really rocked. Sort of like riding in a shopping cart down from the
continental divide...it never stopped rolling, but the quality of the
bumpiness changed every couple seconds.
We were then lucky enough to enter the wild and wonderful world of Felix
Kubin. Felix puts an incredibly lovable thing together and it works on
sheer innocence and the commitment of his dramatic vision. Arriving in
full glam spaceman regalia, Felix came out and promptly announced that he's
not really a plunderphonic artist and proceeded to play a joyful set of
SONGS, touching a style list from Trio to digital hardcore to
Kraftwerk. To site himself somewhat in the style of the evening, he did a
remix of a PLU cut, which worked.
Some songs had vocals. Much of the set had speech in the interstices,
which was nice. There was a joyful feel about the whole thing, and somehow
the kitsch gave it another link to the rest of the program, which was
enough for it to be bound together successfully. His video had a great
quality to it, also linking him to PLU's set.
Someone needs to book Felix on a tour into SF and figure out how to
properly promote it so all the possible vectors that would appreciate it
show up...amazing live set.
Onto PLU, the headliner. Vicki did a unified set tied up with video. The
meshing of the video elements in a style that totally fit into the
aesthetic of Vicki's musical work is a great thing to take in. I'm not
sure that someone who comes to it without a background in the recorded work
would have this experience with it, but that was really true for me. I saw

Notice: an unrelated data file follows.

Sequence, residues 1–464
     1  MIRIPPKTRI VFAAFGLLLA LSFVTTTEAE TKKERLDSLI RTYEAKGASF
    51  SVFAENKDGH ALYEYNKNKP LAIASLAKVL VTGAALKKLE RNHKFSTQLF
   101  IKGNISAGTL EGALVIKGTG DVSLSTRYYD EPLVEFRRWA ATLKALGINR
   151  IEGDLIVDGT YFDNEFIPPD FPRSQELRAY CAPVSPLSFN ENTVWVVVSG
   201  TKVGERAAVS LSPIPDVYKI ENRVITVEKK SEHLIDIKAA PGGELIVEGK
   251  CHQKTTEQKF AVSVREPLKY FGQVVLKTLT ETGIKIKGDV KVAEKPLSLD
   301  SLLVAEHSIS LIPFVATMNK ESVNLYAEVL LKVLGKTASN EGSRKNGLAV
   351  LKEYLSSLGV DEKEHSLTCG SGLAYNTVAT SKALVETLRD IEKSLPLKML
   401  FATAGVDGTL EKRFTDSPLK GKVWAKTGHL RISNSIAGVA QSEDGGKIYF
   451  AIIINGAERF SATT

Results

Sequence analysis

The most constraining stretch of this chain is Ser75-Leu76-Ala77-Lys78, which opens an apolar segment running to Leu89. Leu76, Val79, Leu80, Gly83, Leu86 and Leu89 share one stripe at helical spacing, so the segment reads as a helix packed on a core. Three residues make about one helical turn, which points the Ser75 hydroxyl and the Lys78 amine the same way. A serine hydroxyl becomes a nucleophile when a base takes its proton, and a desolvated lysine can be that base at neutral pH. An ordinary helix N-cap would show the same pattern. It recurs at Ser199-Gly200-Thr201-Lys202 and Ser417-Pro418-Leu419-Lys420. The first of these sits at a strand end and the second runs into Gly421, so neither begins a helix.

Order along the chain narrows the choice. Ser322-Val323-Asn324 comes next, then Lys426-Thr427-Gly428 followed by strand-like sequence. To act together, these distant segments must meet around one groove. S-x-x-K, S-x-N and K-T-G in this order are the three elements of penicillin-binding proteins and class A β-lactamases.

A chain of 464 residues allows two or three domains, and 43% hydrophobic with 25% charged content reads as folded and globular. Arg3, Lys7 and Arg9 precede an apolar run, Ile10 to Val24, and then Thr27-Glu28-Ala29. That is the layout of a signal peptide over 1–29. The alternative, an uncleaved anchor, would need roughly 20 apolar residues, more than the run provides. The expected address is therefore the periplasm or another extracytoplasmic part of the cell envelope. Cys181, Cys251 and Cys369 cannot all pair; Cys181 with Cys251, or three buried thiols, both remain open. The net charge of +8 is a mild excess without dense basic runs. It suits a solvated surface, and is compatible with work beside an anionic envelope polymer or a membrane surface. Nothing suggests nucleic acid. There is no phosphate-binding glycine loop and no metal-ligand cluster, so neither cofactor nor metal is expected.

her do some stuff with video in Chicago a couple years back, but it didn't
hold together like this (of course I also had a terrible site line in
Chicago and this projection was glorious). Her aesthetic holds true for
the music and the video in the same way, and makes a really powerful
Another thing that worked for me about this set was that somehow really
disparate themes and elements ended up holding together in some kind of
shattered, surreal narrative. Many of us utilize this effect in audio, by
returning to material repeatedly during a performance which seems to
somehow bind things together. In this case, Vicki has done the same thing
in video, and the quality ends up holding a very scattered set of pieces
together into something with a completely coherent aspect. Really
interesting, and entertaining. And the sense of following the 'story'
added something new to the evening, keeping people plugged in even after 4
really strong sets before this one. The migration over to a video-centric
presentation also gave the audience some new quality to hang onto.
Vicki was received triumphantly (all acts were, but I think the sense of
Vicki as the 'vision' behind the line-up was apparent, and that added to
her approval as well). Hats off to her, because this was a really
significant context and a really great show to fit in it. Hopefully more
of these things can be leveraged off this one (not least of which because
I'd like a chance to grab an audience like that myself) and help to move
London to the forefront of cultural capitals for this kind of
music. Vicki's really got the ball rolling and hopefully I can help push.
Anyway, that's all the data that comes to mind (after 5 hours sleep). Off
to Paris and Munich (just missing NY and I'd have the M People in my head
Your faithful correspondent,
Rumori, the Detritus.net Discussion List